LANSING, Mich. – There is a mad scramble across the state of Michigan to decipher precisely what Gov. Gretchen Whitmer’s “stay-at-home” order truly said.
There is a debate over what is life saving and what is essential. The order went into effect at 12:01 a.m. Tuesday, March 24.
Many Michigan businesses were already closed. Whitmer’s new order changes the game in that only those necessary to sustain or protect life will stay on the job. That includes anyone in health care, public safety, grocery store employees, workers in government-based operations or essential functions. It also includes food, agriculture, energy, water, wastewater, transportation and communications. Critical manufacturing, hazardous materials, financial services, chemical supply chains and safety, defense industrial base and child care are also included.
The list leaves a lot of questions unanswered.
City Bark in Downtown Detroit is a pet shop that provides leashes, accessories for dogs and cats and food. The owner said they’re staying open. They intend to do more with the curbside and order ahead service.
There are also things people are still allowed to do -- like go to a park, walk outside your house. But, Whitmer has asked everyone to stay at least six feet apart. If you want to leave the state or go home in another state, you are allowed to be out.
How COVID-19 Spreads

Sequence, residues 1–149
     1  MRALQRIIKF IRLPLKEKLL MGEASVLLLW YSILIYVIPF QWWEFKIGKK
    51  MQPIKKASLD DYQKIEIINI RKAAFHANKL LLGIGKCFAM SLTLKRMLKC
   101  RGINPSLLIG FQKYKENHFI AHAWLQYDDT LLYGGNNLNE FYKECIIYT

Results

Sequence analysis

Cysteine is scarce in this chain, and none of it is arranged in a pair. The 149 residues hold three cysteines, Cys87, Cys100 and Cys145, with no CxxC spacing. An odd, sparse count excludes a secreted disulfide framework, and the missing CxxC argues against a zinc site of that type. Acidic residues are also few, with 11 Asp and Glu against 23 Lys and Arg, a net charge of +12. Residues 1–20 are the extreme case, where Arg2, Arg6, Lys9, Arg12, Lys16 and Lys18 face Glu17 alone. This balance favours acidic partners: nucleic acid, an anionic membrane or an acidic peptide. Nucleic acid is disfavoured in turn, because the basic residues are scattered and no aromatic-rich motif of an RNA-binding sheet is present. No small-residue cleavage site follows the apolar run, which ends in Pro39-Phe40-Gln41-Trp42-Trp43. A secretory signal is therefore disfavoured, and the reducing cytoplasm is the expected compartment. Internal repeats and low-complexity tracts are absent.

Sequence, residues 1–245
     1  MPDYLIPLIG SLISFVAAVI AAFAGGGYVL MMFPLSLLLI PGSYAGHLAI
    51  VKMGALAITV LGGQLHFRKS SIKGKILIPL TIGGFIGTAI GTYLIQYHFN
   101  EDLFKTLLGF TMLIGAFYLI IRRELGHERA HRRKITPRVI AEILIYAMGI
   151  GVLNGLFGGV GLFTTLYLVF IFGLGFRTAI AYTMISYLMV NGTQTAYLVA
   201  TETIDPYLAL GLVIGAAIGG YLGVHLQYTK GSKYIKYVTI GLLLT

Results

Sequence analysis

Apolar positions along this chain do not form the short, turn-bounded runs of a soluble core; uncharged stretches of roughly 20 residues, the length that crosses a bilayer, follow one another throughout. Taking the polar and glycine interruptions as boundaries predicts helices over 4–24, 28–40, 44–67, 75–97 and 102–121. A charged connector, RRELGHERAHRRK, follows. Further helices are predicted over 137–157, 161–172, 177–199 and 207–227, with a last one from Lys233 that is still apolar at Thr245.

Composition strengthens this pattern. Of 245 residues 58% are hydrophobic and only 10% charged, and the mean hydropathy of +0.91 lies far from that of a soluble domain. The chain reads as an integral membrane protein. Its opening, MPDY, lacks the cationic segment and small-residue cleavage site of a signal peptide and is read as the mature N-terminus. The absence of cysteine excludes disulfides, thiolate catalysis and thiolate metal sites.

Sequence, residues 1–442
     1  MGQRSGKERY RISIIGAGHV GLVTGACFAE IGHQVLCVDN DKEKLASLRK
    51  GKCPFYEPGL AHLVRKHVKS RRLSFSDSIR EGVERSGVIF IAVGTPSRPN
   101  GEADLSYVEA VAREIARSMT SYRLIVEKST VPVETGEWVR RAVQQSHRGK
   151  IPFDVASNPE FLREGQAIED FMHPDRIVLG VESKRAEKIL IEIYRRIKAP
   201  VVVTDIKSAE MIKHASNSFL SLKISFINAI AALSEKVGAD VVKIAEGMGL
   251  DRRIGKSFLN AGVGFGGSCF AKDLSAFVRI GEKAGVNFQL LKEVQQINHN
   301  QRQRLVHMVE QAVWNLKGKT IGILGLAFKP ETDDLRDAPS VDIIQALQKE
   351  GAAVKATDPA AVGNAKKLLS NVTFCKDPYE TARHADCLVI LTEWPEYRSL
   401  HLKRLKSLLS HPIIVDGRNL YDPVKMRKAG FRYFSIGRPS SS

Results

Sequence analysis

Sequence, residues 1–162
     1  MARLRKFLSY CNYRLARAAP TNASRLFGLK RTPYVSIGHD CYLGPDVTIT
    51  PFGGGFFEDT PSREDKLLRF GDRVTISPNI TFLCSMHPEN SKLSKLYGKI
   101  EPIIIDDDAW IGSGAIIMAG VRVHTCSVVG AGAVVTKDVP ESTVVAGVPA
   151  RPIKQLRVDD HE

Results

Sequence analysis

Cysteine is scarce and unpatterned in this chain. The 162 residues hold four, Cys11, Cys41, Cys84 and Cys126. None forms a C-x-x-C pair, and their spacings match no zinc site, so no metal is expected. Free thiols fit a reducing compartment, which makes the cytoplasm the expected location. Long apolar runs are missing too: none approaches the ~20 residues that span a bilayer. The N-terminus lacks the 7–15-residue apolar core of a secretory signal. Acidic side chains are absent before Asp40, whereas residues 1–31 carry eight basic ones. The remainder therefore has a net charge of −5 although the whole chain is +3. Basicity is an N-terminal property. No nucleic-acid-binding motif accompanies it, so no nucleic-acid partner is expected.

The virus is thought to spread mainly from person-to-person.
- Between people who are in close contact with one another (within about 6 feet).
- Through respiratory droplets produced when an infected person coughs or sneezes.
These droplets can land in the mouths or noses of people who are nearby or possibly be inhaled into the lungs.
Can someone spread the virus without being sick?
- People are thought to be most contagious when they are most symptomatic (the sickest).
- Some spread might be possible before people show symptoms; there have been reports of this occurring with this new coronavirus, but this is not thought to be the main way the virus spreads.
Spread from contact with contaminated surfaces or objects
It may be possible that a person can get COVID-19 by touching a surface or object that has the virus on it and then touching their own mouth, nose, or possibly their eyes, but this is not thought to be the main way the virus spreads.
How easily the virus spreads
How easily a virus spreads from person-to-person can vary. Some viruses are highly contagious (spread easily), like measles, while other viruses do not spread as easily. Another factor is whether the spread is sustained, spreading continually without stopping.
Prevention & Treatment
There is currently no vaccine to prevent coronavirus disease 2019 (COVID-19). The best way to prevent illness is to avoid being exposed to this virus. However, as a reminder, CDC always recommends everyday preventive actions to help prevent the spread of respiratory diseases, including:
- Avoid close contact with people who are sick.
- Avoid touching your eyes, nose, and mouth.
- Stay home when you are sick.
- Cover your cough or sneeze with a tissue, then throw the tissue in the trash.
- Clean and disinfect frequently touched objects and surfaces using a regular household cleaning spray or wipe.
Wash your hands often with soap and water for at least 20 seconds, especially after going to the bathroom; before eating; and after blowing your nose, coughing, or sneezing.
People who think they may have been exposed to COVID-19 should contact their healthcare provider immediately.
Question about coronavirus? Ask Dr. McGeorge here.